Thursday, 20 June 2019

Questions (11)

Barry Cowen

Question:

11. Deputy Barry Cowen asked the Minister for Public Expenditure and Reform the outcome of consultation between the Minister of State with responsibility for the Office of Public Works and Flood Relief and an organisation (details supplied) on the provision of insurance in areas protected by demountable flood defence systems; the most recent data from an independent source on the insurance coverage in areas protected by demountable defences; and if he will make a statement on the matter. [25805/19]

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Oral answers (6 contributions) (Question to Public)

This question relates to the insurance industry and the difficulties being experienced by people availing of a wide range of products offered by the insurance sector. In this instance, we are dealing with those businesses operating in flood plain areas where man-made projects and defence mechanisms have been put in place. What data are available to show that there has been an improvement in those businesses obtaining insurance as a result of the work carried out?

The Deputy will acknowledge the Office of Public Works, OPW, has no responsibility for oversight or regulation of the insurance industry in relation to flood risk insurance, or to insurance matters generally. The Government’s strategy is that in return for its investment in flood defence schemes in the most at-risk communities, households and businesses should be able to access flood insurance. The OPW has a very specific role in the exchange of information with the insurance industry regarding completed flood defence schemes. That is to an agreed standard of protection desired by the industry.

On 24 March 2014, the OPW agreed a memorandum of understanding with Insurance Ireland, which is the representative body for insurance companies in Ireland. This memorandum of understanding has a specific focus on agreeing a basis on which information can be provided to the insurance industry on flood relief schemes completed by the OPW. The Department of Finance and the OPW meet with Insurance Ireland on a quarterly basis to discuss issues in respect of this transfer of data. To date, OPW has provided details to Insurance Ireland on 18 completed schemes nationally. Insurance Ireland surveys its members to ascertain the extent to which flood insurance cover is available in these areas.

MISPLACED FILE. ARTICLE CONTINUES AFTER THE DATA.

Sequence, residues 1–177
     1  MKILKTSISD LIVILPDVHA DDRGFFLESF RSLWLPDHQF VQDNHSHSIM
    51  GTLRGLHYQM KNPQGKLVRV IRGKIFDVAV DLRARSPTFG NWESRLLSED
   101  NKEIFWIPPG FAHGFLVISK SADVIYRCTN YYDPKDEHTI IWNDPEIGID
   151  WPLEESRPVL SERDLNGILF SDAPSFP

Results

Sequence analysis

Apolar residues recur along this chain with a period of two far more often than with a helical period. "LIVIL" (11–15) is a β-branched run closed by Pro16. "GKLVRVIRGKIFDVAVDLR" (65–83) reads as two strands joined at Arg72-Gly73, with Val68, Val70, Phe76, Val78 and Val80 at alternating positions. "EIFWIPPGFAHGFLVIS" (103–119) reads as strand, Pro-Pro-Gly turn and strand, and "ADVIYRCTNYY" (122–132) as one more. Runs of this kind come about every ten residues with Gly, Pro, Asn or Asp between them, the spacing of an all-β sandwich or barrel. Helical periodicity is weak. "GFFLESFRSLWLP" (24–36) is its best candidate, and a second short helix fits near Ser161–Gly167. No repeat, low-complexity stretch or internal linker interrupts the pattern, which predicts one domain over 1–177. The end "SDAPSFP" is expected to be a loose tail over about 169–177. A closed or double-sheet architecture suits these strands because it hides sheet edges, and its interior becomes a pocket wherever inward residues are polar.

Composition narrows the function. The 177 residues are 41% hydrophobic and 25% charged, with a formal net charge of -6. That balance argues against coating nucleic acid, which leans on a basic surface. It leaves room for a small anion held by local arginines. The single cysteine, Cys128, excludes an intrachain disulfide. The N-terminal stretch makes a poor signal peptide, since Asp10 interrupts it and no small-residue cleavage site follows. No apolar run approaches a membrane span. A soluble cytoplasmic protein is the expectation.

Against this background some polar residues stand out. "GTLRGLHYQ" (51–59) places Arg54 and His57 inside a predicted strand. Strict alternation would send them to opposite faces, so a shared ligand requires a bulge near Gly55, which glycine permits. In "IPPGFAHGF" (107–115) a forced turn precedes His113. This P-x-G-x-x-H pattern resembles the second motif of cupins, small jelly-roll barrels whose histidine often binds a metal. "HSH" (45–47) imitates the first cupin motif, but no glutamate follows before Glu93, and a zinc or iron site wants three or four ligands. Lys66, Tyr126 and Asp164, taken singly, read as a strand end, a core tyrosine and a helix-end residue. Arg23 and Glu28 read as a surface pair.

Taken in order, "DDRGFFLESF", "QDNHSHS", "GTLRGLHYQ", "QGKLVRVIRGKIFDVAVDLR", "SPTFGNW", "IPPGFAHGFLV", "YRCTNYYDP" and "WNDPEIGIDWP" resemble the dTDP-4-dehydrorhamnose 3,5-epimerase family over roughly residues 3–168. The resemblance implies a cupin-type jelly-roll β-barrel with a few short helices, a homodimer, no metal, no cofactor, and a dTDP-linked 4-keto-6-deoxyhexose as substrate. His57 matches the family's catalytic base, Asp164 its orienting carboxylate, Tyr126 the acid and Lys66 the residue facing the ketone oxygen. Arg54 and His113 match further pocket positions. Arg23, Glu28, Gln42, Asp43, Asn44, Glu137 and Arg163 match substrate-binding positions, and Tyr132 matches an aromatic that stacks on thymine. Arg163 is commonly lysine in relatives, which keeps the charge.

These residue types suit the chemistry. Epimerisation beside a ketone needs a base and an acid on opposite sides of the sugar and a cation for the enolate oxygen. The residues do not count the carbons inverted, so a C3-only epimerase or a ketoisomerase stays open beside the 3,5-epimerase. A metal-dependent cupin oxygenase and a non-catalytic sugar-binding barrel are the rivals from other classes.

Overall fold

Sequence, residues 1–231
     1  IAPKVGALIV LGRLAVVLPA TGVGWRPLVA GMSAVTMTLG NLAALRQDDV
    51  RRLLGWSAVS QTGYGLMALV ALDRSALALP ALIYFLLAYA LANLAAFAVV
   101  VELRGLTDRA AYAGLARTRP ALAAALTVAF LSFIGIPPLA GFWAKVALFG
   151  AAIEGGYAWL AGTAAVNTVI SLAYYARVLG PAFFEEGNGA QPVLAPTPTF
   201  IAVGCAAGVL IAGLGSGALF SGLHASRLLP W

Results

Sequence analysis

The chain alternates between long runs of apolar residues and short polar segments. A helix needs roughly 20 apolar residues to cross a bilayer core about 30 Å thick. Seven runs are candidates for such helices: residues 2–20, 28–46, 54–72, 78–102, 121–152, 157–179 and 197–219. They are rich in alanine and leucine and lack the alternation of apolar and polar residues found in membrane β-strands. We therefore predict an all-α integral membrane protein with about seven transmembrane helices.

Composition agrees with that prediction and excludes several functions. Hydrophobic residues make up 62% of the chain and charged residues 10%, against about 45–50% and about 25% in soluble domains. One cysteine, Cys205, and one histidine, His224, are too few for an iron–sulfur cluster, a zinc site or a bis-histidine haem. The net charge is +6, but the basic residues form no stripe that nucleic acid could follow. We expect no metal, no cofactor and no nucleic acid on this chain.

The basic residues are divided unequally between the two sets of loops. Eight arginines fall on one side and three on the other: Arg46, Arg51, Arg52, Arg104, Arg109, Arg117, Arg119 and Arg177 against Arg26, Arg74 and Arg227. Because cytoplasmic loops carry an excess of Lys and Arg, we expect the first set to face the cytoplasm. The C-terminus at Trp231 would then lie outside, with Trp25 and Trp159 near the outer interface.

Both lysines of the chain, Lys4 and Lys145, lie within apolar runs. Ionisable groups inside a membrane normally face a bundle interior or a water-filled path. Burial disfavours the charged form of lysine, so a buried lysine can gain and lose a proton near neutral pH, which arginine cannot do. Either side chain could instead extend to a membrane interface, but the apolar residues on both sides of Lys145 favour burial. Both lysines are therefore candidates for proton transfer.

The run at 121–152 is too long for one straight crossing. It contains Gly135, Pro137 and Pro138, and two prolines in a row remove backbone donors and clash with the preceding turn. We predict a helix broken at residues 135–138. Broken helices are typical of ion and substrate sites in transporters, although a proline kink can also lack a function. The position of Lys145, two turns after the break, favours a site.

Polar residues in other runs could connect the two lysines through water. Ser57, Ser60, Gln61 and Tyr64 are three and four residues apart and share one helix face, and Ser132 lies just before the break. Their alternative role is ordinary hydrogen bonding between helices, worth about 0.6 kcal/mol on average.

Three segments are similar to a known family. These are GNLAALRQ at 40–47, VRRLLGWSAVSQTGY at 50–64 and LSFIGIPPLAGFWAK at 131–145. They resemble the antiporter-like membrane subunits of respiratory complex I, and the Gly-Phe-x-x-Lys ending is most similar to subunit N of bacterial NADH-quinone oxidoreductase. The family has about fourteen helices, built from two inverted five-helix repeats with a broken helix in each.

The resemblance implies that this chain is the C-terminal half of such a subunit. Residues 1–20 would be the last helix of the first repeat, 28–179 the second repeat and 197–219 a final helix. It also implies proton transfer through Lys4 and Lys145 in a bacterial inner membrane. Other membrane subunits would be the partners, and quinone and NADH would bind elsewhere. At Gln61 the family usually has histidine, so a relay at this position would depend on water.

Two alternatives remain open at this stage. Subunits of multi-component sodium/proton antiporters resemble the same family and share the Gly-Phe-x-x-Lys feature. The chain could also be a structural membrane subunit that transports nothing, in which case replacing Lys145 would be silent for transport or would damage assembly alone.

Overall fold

Insurance Ireland has informed me that the most recent survey, in March this year, indicates that 95% of policies in areas benefitting from permanent flood defences include flood cover while 74% of policies in areas benefitting from demountable defences include flood cover. Taken together, 84% of policies in areas benefitting from flood defence schemes include flood cover. The insurance sector has acknowledged that demountable defences are designed and when properly erected meet the desired standard.

The OPW has given Insurance Ireland detailed information it sought to explain the protocols and procedures in place to maintain, test, and erect demountable defences. Discussions are continuing with the Department of Finance to explore options to address the industry’s concerns about the human element of demountable defences.

I thank the Minister of State for his response. There was some detail in it but a lot more is required by those of us who have constituents who are anxious to see progress on the matter, whether those constituents are residents or business owners. Commitments were made, on behalf of all of us, that the way in which this issue was to be addressed would automatically lead to insurance being offered and being offered at a reduced rate in light of the mitigating measures put in place. Is it possible for the Minister of State to share with the House detailed analysis of the progress that has been made in order for us to make a judgment and to ascertain whether the improvement we had sought and expected has been achieved in light of taxpayers' money being spent in this area?